Actionable insights straight to your inbox

Equities logo

Crunch Time as Investors Face Euro-Uncertainties and U.S. Debt Ceiling Hassle

Investor’s first read - Brooksie’s edge before the openTuesday, September 11, 2012 9:13 a.m.DJIA: 13,254.29S&P 500: 1429.08Nasdaq Comp.: 3104.02Russell 2000: 839.37The Fed is now expected

Investor’s first read – Brooksie’s edge before the open

Tuesday, September 11, 2012 9:13 a.m.
DJIA: 13,254.29
S&P 500: 1429.08
Nasdaq Comp.: 3104.02
Russell 2000: 839.37

The Fed is now expected to announce an “open-ended” stimulus plan on Thursday, which makes sense. Rather than opting for a specific stimulus amount with an end-date, the Fed would continue bond purchases (Agency and Treasury bonds) until the economy responds, or until it is obvious it is not working.

In March 2009, the Fed began buying $1.25 trillion mortgage-backed securities, $1.75 billion agency debt and $300 billion Treasury debt.

In the second round, announced November 2010 through June, it bought $600 billion in Treasury debt. In September 2011, it employed Operation Twist to replace $400 billion of portfolio debt with longer term debt through June 2012 (extended through December 2012).

CONCLUSION: I have been expecting a “pop” in stock prices accompanying an announcement of a Fed stimulus plan, but have warned that a 13% rise in stock prices since June 4 has at least partly discounted Fed action.

Yesterday’s drop in stock prices suggests the Street is thinking along the same lines Then too, there suddenly seems to be a bunch of uncertainties standing in the way of a big move up from here.

Not all is as well as hoped for in Europe, but who could expect it to be. The euro-area nations are moving in the right direction but not in a straight line.

Tomorrow, Germany’s Constitutional Court will rule on the legality of the euro-zone’s new permanent bailout fund, the European Stability Mechanism (ESM), and budget rules. While it is expected to give a green light, stiff conditions are expected to be attached and a delay to a decision is always possible since it raises constitutional issues.

Greece’s coalition partners have not yet reached an agreement on the spending cuts needed to satisfy conditions for a bailout.

The U.S. “fiscal cliff” and the consequences of sequestration (automatic spending cuts) are starting to hit front pages. While Congress doesn’t want to deal with it before the election, media pressure may not allow it to duck the issue.

Actually, Congress has wiggle room here on a year-end deadline, I just don’t think that will be what gets the press headlines.

The U.S. government’s fiscal year end is up this month, requiring a vote to raise the debt ceiling. Does the Tea Party block of Congress dare to threaten default this time around?

Yes, I remember 9/11. I lived in Darien, Conn., a small New York City commuter town. I worked out of a home office writing investment research for companies and the old Equities Magazine, but was flexible to do a lot of photography for the Darien Times, for which my wife was editor.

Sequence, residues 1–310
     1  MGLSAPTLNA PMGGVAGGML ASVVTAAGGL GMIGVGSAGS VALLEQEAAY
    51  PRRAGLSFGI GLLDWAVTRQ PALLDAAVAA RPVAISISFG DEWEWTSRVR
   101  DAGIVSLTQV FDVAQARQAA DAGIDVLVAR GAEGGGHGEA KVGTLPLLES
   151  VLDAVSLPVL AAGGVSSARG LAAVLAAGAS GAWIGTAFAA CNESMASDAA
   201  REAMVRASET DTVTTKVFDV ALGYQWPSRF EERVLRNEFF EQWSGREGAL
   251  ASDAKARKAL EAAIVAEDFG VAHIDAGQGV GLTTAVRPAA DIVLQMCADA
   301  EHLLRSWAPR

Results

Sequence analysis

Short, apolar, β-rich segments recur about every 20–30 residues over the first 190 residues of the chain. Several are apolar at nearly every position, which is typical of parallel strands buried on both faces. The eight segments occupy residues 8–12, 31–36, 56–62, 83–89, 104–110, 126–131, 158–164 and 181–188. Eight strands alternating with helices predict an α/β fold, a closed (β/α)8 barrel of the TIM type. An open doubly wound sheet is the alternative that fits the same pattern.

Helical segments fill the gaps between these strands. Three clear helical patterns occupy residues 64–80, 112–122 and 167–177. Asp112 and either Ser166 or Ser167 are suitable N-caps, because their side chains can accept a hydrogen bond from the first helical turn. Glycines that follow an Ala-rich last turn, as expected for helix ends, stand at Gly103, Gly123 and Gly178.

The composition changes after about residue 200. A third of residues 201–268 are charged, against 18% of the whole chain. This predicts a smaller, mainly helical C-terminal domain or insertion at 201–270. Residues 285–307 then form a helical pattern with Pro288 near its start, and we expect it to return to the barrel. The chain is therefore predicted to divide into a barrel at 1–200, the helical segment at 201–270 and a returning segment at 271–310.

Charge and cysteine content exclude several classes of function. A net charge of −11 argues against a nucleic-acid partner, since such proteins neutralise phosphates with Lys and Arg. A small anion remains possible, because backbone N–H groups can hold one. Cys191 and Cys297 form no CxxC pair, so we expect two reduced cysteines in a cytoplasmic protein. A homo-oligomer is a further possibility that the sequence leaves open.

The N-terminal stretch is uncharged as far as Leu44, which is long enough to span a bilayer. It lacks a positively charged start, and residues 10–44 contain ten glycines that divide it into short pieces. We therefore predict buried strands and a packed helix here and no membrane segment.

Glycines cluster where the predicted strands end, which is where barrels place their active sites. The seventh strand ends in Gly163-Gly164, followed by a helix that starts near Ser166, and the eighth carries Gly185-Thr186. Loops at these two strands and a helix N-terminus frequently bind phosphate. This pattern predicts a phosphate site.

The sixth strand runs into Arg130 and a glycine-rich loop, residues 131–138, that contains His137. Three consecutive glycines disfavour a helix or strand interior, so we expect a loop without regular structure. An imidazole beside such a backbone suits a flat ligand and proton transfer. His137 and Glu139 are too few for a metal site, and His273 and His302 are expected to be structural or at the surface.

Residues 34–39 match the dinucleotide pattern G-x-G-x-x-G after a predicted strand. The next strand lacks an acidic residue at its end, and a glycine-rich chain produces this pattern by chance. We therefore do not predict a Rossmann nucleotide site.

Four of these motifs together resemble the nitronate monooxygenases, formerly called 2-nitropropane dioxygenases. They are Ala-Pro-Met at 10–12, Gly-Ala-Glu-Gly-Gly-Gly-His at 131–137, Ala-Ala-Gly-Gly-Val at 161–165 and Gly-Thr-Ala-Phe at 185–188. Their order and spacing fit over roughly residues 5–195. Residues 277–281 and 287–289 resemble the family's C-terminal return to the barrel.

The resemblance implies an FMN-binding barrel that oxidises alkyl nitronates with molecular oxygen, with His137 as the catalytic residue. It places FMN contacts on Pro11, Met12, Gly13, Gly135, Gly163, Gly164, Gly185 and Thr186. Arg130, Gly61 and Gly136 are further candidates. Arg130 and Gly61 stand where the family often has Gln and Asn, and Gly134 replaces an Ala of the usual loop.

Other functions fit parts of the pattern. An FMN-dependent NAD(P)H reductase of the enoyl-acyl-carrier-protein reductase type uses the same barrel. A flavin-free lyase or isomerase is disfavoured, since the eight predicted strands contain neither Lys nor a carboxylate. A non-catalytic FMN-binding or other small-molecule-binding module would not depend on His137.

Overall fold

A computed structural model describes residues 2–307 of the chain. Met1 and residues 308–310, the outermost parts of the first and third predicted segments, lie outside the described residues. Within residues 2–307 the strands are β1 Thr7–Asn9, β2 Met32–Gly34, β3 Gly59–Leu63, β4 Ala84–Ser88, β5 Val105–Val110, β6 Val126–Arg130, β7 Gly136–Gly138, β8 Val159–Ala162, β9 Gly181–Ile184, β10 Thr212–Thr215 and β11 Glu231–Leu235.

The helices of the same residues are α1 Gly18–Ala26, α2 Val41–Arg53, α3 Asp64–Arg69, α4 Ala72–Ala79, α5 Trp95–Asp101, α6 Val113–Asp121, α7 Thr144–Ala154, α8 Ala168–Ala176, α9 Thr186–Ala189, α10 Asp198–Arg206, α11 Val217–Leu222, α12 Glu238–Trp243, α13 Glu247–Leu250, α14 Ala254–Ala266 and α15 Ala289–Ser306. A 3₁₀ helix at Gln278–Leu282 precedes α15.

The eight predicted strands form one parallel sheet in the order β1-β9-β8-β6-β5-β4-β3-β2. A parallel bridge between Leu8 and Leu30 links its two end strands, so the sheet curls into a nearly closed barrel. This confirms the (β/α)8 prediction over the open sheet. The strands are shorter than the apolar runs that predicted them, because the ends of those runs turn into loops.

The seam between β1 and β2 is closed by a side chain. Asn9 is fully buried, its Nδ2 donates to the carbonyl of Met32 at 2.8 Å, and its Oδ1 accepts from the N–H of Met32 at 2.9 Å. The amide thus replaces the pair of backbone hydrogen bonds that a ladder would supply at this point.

I interviewed and photographed commuters as they got off the train, some covered with dust. Wives and family members greeted them – tears and yes joy, but only that they were survivors. One wife literally just dug her fingers into her husband’s back as she hugged him.

One man in his thirties, had an office high up in the second building to get hit. He was very calm and articulate as he explained the chaos and bodies of jumpers. We talked as we walked to his car, then all of a sudden, he broke down and sobbed.

He called me the next day and gave me phone numbers of friends to call for him to see if they survived; he couldn’t call them himself.

As the sun set, I was able to shoot a photo across Darien’s marina on Long Island Sound with an eerie contrast of sailboats moored in still waters in the foreground as black columns of smoke rose against a pink sky from the remains of the towers 40 miles away.

Men and women left town for work in the city that day. Six did not return.

FACEBOOK (FB) at $18.81:

Mark Zuckerberg, CEO, will give his first interview today since FB went public in May. It will be at the TechCrunch Disrupt conference in San Francisco. Could he announce his withdrawal as CEO? That would be temporarily bullish, but what is needed here is clarification about how the company can make money.

Technically, the stock needs to cross $19.25 to reverse a negative pattern. Otherwise, it looks like it will drop below $18. Volume will tell the story. A huge influx of buying suggests Tuesday’s low of $17.55 was FB’s bottom. Without that, FB will test that low.

Until that happens the tug of war between buyers and sellers will continue as the stock seeks a comfort level.
I don’t own, nor have I ever owned FB. Generally, I don’t recommend or comment on individual stocks. I started covering FB technically after its IPO because I felt at $34 it was very vulnerable in face of all the misunderstanding and hype. At some point, I will drop coverage. I would like to see readers through the full cycle, from the $34 where I picked it up as “going lower” down to a bottom.

George Brooks
The writer of Investor’s first read, George Brooks, is not registered as an investment advisor. Ideas expressed herein are the opinions of the writer, are for informational purposes, and are not to serve as the sole basis for any investment decision. Readers are expected to assume full responsibility for conducting their own research pursuant to investment decisions in keeping with their tolerance for risk.

Why distillate crack spreads will likely experience more volatility.